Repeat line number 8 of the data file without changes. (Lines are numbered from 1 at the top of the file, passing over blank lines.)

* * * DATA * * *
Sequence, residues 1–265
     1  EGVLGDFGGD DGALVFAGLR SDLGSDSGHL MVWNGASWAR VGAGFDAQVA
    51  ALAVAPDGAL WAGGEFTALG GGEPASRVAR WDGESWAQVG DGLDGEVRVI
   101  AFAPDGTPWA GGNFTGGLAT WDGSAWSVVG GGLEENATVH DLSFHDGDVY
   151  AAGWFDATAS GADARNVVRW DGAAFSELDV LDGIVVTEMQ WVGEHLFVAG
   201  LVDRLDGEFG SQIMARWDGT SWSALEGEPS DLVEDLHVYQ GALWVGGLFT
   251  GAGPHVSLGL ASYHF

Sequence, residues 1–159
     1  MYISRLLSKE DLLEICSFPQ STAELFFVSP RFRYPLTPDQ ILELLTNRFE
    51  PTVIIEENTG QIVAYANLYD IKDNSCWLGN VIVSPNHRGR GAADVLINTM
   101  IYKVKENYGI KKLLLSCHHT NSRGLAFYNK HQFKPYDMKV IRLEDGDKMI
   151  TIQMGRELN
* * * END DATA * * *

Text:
Sequence, residues 1–159